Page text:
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- South East Asia
Known as the King of Fruits, Durian is certainly a force to be reckoned with. First of all, its big, about the size of a rugby ball, and its covered with thick, sharp spikes to ward off would-be Durian-eaters – it’s Mother Natures way of saying, "back off, sicko – you really don’t wanna taste what’s inside this thing."
But you don’t listen to Mother Nature, do you? No, instead, you take a machete to the thick, spiky rind, opening Pandora’s stinking, gelatinous box and unleashing the fury of a thousand rest-stop bathrooms on any olfactory nerve within a mile radius. What’s inside is an oozing, jelly-like fruit that has the scent of a port-o-john and the taste of port-o-john-flavored custard. Seriously, its hard to get past the smell, but if you do, you’ll be rewarded with a rich, creamy, mouthful of sick.
I don’t like durian (did I make that clear?), but for some reason this filthy fruit is a delicacy in many South East Asian Countries. A Malaysian friend of mine once described it giddily as "like eating ice cream in the toilet," as he shoveled the creamy, reeking mess into his mouth with his bare hands.
The smell and the after-taste can linger for hours, prompting Singapore to make durian illegal in public transport and hotels.
That being said, you should totally try it. See a video of me attempting to eat a Durian Here: http://justinwashere.com/blog/kl/
Sometimes, in the world of strange ethnic cuisines, ignorance is bliss. Like with hot dogs – salty delicious mystery meat that we’re all better off knowing as little as possible about it’s questionable origins. The same goes for Escamoles, which have the constancy of cottage cheese and taste (according to wikipedia) buttery and slightly nutty. But what are Escamoles? Sometimes known as insect caviar, Escamoles are actually the larvao is large black ants who make their home in the roots of the agave and maguey plant in Mexico.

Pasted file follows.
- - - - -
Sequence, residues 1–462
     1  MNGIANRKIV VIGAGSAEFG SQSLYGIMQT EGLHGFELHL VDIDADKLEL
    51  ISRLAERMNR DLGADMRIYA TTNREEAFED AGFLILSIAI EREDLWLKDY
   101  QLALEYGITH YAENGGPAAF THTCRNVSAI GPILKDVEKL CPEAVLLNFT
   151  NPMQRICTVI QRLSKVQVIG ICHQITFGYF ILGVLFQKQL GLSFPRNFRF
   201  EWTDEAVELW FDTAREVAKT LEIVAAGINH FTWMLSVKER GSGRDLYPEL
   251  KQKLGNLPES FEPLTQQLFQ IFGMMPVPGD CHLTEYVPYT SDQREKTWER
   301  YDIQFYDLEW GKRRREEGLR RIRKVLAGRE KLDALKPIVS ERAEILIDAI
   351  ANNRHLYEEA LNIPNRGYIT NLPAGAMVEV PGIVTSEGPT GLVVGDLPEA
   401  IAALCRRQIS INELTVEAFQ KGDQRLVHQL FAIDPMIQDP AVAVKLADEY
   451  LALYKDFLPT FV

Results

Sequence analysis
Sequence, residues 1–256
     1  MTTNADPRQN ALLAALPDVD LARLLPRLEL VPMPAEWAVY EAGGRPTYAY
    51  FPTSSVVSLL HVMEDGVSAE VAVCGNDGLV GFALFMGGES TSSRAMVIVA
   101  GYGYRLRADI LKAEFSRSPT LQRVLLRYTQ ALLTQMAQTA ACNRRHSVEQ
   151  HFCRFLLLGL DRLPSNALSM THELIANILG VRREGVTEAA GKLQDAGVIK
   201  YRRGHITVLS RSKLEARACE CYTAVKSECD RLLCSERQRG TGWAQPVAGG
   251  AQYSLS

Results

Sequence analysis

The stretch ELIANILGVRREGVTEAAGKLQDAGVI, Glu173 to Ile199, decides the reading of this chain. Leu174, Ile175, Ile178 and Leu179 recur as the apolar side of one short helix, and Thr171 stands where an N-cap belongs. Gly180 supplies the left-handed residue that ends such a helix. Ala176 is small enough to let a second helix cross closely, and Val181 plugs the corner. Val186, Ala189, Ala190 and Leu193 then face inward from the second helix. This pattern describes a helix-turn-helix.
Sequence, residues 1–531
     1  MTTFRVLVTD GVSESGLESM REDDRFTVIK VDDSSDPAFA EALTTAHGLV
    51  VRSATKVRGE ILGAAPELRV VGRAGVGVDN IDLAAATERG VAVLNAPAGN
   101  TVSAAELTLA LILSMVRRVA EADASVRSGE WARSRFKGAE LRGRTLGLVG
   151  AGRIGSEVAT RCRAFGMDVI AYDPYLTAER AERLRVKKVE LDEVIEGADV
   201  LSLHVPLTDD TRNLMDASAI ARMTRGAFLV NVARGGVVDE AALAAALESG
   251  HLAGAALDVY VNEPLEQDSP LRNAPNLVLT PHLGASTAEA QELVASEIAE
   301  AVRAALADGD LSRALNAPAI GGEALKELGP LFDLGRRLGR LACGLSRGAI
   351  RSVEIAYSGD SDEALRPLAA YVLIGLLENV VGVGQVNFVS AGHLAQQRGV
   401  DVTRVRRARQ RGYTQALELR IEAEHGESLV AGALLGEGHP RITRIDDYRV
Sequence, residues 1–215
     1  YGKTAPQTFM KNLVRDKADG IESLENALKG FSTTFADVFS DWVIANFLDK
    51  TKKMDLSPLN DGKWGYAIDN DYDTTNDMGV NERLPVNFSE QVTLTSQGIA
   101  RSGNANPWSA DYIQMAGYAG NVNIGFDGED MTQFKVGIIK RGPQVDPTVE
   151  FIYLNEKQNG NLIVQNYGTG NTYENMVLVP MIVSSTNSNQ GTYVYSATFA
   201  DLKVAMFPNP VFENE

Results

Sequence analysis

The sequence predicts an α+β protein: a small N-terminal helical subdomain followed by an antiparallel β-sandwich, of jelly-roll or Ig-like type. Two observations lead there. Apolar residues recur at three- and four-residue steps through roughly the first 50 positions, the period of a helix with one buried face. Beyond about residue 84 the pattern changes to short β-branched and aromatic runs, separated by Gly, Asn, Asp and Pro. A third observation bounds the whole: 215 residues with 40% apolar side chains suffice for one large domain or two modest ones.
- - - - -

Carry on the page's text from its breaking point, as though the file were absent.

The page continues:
That’s right you’re eating ant eggs. Grossed out? Well, don’t be – we eat chicken eggs all the time, and people eat fish eggs as caviar, or salmon roe on their sushi, so why not fry up some ant eggs, add a bit of cheese and a daub of guac for a nice ant egg taco. Ole!
Here’s a you tube video that starts with a strangely fitting photo of George W Bush eating a cat (wtf?), and then shows a greasy chef preparing Escamoles and referring to them as "a delicacy worthy of gods, like the worms of maguey" OMG, they eat worms too. And I used to love Mexican food.
Check out the video: http://www.youtube.com/watch?v=jBnHVj7HgYU
Stink Heads. A less-than-appealing name, to be sure, but let’s not judge a book by its stinky cover just yet – let’s first delve deeper. Natives to Alaska’s frozen and inhospitable environment know a thing or two about sustainability – and they don’t like to waste anything. So they eat fish heads – specifically, the heads of King salmon. Now, that’s not entirely gross on its own – Salmon is delicious, and people eat fish heads all over the world. You’ll often see gourmet restaurants serving some curried fish head concoction, or whole fish, pan-fried with eyes and all. Some may find it off-putting to eat something while it’s dead, emaciated eyes stare back at you, but it’s really not bad at all.
The most distinguishing thing about Stink Heads is not that they fish heads, but that they are buried in the ground and left to rot (the preferred posh foodie term here is "ferment") for weeks on end. WHY?? I’ll you why – because native Alaskans are a disgusting tribe of freaks who love rotten fish heads, and what’s worse, they love letting them rot into a congealed mush of funk and slime and them eat them like a mushy fish head gruel. And as if this weren’t disgusting enough, they had to go and name the meal Stink Heads! WTF, Alaska, WTF?
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